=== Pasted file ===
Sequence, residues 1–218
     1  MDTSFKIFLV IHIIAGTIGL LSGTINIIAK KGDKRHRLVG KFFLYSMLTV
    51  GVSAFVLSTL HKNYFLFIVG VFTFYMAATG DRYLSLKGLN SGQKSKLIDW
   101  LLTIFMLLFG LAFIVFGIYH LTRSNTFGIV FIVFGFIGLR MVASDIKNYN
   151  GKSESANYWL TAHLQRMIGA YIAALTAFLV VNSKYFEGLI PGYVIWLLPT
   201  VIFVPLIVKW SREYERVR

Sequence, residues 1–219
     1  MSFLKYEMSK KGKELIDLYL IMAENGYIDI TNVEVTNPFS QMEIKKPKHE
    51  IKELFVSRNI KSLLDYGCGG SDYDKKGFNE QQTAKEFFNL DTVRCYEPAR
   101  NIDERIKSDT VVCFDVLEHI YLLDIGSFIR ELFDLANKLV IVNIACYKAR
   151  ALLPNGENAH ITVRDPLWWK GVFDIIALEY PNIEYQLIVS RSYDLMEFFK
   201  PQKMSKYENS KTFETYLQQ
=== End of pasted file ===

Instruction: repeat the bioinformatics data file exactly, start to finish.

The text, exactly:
Sequence, residues 1–218
     1  MDTSFKIFLV IHIIAGTIGL LSGTINIIAK KGDKRHRLVG KFFLYSMLTV
    51  GVSAFVLSTL HKNYFLFIVG VFTFYMAATG DRYLSLKGLN SGQKSKLIDW
   101  LLTIFMLLFG LAFIVFGIYH LTRSNTFGIV FIVFGFIGLR MVASDIKNYN
   151  GKSESANYWL TAHLQRMIGA YIAALTAFLV VNSKYFEGLI PGYVIWLLPT
   201  VIFVPLIVKW SREYERVR

Sequence, residues 1–219
     1  MSFLKYEMSK KGKELIDLYL IMAENGYIDI TNVEVTNPFS QMEIKKPKHE
    51  IKELFVSRNI KSLLDYGCGG SDYDKKGFNE QQTAKEFFNL DTVRCYEPAR
   101  NIDERIKSDT VVCFDVLEHI YLLDIGSFIR ELFDLANKLV IVNIACYKAR
   151  ALLPNGENAH ITVRDPLWWK GVFDIIALEY PNIEYQLIVS RSYDLMEFFK
   201  PQKMSKYENS KTFETYLQQ